The company also noted that the two Corps permits prompt review under the National Historic Preservation Act (NHPA). The NHPA process has four components, including evaluation of whether and to what extent the federally permitted project will have an adverse effect on historic properties, as well as mitigation of those adverse effects. The company added that that process began with the issuance of the initial public notice in August 2013.
The Corps last May issued a third public notice to assist in evaluation of the effects of the certificated project on identified historic properties and evaluation of alternatives or modifications that could avoid, minimize or mitigate adverse effects of the undertaking. The Corps published a consolidated effects report last October, the company added.
A draft mitigation plan was developed, and the Corps provided for a consulting parties comment period on the draft mitigation plan. The company also said that a draft mitigation plan and comment period ended on Jan. 29. Noting that a fifth consulting parties meeting was held on Feb. 2 to discuss mitigation for impacts to historic properties, the company said that the Corps is working toward entering into a memorandum of agreement with the State Historic Preservation Office and the Advisory Council on Historic Preservation regarding mitigation.
The company also noted that it filed a special use permit (SUP) application, a rezoning request, a substantial accord determination request, and a height waiver application for a switching station in James City County (JCC) associated with the certificated project.
The JCC Planning Commission last August voted 4-2 against recommending approval of the switching station, the company said, adding that it filed an appeal of the substantial accord determination to the JCC Board of Supervisors. The company added that the JCC Board will make the final determination on the SUP, rezoning and height waiver requests and will hear the appeal on the substantial accord determination.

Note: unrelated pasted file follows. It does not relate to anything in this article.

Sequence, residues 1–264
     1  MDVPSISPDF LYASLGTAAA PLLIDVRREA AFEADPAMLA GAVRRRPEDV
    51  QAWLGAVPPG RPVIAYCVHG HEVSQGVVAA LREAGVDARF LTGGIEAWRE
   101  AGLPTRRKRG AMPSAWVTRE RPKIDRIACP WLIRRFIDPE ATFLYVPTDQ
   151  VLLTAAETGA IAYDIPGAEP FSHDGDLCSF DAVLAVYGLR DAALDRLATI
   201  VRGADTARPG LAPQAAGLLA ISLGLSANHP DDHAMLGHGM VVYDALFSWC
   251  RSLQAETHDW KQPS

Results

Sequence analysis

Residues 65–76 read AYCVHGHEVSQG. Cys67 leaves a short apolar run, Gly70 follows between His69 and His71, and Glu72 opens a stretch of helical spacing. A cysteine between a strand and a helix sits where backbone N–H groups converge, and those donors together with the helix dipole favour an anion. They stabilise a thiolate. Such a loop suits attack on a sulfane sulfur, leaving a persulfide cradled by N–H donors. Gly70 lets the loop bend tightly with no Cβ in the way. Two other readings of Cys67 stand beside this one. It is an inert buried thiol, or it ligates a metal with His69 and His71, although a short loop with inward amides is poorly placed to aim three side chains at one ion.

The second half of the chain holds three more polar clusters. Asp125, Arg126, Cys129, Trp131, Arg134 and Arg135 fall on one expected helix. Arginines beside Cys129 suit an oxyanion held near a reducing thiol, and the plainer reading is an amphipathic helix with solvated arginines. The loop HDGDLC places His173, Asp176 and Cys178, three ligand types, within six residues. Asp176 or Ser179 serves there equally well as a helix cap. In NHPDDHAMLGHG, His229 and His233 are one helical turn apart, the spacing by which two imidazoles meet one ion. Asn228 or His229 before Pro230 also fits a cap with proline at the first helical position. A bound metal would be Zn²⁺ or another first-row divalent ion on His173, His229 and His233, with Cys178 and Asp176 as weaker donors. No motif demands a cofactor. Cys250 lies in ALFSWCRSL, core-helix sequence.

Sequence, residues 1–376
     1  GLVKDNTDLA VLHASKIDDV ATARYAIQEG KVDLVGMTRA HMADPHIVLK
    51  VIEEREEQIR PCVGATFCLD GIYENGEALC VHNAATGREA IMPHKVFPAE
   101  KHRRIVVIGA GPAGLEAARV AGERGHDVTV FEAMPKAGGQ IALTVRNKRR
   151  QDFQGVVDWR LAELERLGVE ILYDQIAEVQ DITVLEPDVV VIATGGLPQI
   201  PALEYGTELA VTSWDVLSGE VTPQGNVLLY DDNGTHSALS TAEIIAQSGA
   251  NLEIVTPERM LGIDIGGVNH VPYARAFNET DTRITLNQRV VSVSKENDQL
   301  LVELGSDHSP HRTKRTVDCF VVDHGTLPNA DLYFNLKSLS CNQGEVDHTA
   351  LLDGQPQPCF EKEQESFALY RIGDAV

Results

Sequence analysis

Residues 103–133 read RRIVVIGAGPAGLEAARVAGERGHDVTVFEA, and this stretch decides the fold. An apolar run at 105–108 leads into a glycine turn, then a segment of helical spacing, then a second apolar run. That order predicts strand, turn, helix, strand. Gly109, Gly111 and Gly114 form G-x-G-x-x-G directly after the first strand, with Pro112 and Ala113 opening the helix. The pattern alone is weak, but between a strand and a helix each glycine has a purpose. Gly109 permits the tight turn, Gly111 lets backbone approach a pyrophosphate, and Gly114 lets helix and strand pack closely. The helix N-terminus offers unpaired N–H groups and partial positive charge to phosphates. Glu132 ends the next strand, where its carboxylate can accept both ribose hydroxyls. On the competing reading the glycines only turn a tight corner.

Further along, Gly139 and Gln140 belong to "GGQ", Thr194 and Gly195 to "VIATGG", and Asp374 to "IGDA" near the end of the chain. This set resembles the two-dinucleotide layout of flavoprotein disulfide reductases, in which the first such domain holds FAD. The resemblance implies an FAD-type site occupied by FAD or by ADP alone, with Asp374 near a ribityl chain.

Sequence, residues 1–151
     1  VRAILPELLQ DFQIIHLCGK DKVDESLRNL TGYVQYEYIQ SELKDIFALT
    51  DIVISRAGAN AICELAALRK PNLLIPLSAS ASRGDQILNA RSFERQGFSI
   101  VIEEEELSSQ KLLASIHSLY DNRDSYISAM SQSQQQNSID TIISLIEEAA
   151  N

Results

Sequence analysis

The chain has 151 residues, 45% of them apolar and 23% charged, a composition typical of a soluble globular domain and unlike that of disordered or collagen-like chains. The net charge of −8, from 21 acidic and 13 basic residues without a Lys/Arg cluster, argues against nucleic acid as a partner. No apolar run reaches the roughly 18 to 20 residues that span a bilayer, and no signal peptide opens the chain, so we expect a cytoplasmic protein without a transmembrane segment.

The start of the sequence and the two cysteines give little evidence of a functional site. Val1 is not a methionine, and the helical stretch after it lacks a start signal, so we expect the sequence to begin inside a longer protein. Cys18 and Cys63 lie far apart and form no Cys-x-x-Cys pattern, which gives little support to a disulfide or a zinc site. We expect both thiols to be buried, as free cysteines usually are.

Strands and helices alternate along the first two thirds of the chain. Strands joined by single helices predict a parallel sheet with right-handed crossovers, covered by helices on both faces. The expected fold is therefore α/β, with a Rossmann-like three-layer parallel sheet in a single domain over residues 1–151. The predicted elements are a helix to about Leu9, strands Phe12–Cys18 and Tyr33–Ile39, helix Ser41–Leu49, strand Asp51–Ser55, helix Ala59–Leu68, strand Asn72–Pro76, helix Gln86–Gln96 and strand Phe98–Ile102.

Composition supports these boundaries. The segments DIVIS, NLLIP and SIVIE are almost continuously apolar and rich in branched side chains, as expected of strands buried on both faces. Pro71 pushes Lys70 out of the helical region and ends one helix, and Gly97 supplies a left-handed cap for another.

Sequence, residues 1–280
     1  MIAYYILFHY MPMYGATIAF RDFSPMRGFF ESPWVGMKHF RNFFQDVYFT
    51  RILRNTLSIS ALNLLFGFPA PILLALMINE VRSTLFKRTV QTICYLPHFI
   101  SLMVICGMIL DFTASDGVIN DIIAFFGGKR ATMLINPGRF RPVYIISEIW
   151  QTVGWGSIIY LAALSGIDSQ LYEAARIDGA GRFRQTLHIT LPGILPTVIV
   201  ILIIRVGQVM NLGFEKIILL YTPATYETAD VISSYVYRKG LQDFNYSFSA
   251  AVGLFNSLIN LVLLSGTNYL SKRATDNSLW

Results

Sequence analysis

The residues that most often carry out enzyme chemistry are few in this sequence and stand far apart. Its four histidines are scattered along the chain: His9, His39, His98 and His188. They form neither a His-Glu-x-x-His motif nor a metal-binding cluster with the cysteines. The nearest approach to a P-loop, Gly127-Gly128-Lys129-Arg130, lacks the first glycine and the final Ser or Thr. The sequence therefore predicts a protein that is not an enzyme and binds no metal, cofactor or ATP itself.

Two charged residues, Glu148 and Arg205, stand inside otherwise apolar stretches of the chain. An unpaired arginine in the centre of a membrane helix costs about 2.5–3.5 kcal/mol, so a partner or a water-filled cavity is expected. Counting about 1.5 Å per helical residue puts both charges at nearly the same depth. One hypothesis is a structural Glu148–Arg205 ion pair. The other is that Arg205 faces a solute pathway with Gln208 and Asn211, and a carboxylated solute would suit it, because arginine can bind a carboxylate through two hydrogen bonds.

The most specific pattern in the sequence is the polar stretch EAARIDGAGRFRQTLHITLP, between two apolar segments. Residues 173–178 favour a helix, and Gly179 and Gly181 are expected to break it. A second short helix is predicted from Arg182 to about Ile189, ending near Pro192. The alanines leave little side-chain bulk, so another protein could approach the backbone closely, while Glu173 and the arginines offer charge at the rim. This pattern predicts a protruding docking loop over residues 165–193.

Among other things, the company said that it sought on Jan. 8 an additional deferral of action by the board until the March 8 JCC Board meeting; the county approved that request at its Jan. 12 meeting. However, due to further delay in the Corps process, the company said that it is seeking an additional deferral until the Aug. 9 JCC Board meeting unless the Corps issues its permits before then.
The company also noted that on Dec. 1, 2015, it filed with the SCC a motion to extend the date for completion and placement in service of the certificated project to the date 20 months after the date on which the Corps issues a construction permit for the certificated project. The SCC on Dec. 22, 2015, issued an order granting that motion.
Dominion Virginia Power said that in order to ensure reliability for the Peninsula while the Surry–Skiffes Creek Line is being built in anticipation of the Yorktown Unit 1 and 2 retirements, the company is conducting an inspection and maintenance program. The focus of that program is transmission lines and stations for assets that directly serve the Peninsula, the company said, adding that foundation work on the existing transmission lines at the James River Bridge was completed at the end of last year.
The company said, “If the certificated project is not in service by the time that Yorktown Units 1 and 2 must retire to be in compliance with effective environmental regulations, then the plan for maintaining system reliability for the Peninsula will include careful planning of transmission outages and minimum work on assets on the Peninsula while the planned outages to support the construction of the certificated project outages are underway.”
Dominion Virginia Power is a subsidiary of Dominion Resources (NYSE:D).